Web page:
|Do you know where your variables are?|
[They're] not bad, they're just drawn that way.
A significant number of perl wizards I respect seem to detest them. I don't, but they have pretty limited use. Usually, perl's loose argument handling is just what you want, and prototypes only get in the way.
It is a source of confusion to Javians and C-ites alike that perl's prototypes are static but not strict regarding type. And, maybe most of all, optional. Perl prototypes confound the expectations of both groups.
There are two particular uses for prototypes which I recommend. An empty prototype, '()', says that the compiler should look for invariant return values and, if found, treat the sub as a constant at compile time. That is the magic behind constant.pm.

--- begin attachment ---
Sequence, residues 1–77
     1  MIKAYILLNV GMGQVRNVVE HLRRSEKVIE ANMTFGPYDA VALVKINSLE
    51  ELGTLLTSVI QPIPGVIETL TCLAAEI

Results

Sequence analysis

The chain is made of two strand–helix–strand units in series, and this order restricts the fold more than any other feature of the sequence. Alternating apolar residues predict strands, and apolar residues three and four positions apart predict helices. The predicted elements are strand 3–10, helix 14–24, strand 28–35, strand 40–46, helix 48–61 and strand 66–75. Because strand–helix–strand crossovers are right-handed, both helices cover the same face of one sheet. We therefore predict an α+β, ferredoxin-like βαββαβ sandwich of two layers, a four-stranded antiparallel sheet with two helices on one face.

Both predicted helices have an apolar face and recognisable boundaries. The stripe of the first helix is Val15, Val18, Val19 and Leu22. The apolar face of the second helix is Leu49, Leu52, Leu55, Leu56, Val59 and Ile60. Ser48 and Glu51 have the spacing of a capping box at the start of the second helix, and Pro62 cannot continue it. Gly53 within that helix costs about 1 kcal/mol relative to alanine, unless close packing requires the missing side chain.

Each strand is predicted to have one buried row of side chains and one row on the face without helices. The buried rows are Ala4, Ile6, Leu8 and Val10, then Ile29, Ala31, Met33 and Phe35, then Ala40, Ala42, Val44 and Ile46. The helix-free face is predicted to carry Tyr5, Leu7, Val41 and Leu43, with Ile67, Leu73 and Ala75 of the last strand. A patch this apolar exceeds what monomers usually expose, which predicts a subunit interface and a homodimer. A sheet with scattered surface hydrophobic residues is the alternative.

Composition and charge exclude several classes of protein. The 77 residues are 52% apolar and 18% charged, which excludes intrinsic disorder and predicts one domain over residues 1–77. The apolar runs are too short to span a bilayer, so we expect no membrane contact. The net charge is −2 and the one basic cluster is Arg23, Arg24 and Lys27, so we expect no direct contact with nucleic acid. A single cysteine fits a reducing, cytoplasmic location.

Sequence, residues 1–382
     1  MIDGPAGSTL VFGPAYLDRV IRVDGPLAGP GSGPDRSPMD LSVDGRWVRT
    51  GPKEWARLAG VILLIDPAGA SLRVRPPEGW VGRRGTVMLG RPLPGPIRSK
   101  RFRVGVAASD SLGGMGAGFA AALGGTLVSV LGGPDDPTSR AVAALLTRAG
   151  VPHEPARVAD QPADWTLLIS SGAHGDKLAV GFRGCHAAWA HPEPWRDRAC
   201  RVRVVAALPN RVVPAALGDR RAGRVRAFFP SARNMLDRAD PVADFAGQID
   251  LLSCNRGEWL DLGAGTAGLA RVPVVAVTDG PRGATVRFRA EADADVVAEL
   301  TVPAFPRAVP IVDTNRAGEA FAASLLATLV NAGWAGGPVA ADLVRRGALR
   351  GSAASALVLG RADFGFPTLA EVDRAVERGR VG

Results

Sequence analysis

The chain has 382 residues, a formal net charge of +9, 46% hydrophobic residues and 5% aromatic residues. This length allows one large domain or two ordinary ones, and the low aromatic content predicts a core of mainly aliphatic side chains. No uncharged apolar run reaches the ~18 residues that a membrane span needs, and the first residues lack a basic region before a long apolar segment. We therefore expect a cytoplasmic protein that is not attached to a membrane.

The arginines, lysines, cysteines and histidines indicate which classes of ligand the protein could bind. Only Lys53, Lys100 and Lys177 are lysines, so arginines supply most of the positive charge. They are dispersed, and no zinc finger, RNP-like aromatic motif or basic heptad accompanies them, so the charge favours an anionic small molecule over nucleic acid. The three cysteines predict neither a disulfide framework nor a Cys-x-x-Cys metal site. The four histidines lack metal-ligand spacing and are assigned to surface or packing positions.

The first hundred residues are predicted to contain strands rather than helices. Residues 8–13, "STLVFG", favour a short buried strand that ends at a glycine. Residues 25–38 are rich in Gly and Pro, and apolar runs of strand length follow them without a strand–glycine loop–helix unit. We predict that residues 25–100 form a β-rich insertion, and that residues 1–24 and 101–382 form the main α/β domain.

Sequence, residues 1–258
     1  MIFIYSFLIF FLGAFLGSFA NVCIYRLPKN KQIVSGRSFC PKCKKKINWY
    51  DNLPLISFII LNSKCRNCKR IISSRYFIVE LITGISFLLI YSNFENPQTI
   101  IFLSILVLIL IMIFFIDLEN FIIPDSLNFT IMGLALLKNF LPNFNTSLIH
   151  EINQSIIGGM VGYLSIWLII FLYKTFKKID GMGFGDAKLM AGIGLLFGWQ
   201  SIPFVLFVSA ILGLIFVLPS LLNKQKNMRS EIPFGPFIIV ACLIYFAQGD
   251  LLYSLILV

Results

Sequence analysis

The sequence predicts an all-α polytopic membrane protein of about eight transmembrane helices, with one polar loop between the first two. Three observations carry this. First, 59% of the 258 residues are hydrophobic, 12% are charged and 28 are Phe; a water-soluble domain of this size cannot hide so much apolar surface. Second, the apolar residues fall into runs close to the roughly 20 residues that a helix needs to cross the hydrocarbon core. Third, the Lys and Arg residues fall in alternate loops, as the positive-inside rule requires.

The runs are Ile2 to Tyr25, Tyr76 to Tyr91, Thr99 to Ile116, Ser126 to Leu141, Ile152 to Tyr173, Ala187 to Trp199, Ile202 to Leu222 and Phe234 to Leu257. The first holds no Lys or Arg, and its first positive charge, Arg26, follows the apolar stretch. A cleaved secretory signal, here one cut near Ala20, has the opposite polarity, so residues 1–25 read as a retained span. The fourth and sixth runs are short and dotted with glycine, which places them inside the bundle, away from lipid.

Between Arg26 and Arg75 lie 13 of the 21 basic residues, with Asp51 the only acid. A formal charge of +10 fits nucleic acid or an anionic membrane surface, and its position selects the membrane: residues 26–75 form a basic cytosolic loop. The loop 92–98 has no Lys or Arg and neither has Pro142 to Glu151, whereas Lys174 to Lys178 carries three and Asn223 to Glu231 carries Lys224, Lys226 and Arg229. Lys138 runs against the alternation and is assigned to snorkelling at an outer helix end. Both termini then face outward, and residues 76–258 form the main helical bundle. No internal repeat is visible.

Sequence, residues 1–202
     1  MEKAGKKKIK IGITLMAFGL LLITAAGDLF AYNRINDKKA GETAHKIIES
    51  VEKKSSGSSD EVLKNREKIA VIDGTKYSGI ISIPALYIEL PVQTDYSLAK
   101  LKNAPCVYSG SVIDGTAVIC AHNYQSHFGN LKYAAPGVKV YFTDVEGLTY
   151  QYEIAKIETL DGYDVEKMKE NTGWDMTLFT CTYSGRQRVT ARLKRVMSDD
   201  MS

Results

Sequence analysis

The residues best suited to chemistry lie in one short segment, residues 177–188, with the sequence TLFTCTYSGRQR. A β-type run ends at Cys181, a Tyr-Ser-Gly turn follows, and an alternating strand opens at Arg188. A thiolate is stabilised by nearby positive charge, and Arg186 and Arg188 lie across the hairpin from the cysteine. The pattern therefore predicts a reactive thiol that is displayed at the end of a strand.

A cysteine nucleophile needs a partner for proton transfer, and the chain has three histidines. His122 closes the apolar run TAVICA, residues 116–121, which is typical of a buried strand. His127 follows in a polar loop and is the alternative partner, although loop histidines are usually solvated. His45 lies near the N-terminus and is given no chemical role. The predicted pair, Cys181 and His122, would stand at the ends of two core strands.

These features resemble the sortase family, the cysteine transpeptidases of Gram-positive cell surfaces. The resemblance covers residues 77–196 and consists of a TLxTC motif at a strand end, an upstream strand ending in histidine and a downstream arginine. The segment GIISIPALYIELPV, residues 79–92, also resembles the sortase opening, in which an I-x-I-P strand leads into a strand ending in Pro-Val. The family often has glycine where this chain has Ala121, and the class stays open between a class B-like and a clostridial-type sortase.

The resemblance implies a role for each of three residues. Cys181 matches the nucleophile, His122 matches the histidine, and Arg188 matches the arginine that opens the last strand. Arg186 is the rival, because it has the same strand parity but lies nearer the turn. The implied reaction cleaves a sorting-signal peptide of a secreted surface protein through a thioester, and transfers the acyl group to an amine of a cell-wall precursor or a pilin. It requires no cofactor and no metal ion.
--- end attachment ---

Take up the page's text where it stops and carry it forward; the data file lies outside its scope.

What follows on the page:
The other is in overriding or overloading core functions. Certain core functions like push, pop, splice, chomp, substr, to name a few, modify one of their arguments in-place. That means the argument must be an lvalue. Prototypes can tell the compiler to pass by reference to an lvalue based on position in the arg list.
(Added) The theme is that perl prototypes are compiler directives much like pragmata and attributes. They are not scaffolding for any kind of object system, consistency check, or polymorphism. /Added
Your example needs a code block after each prototype.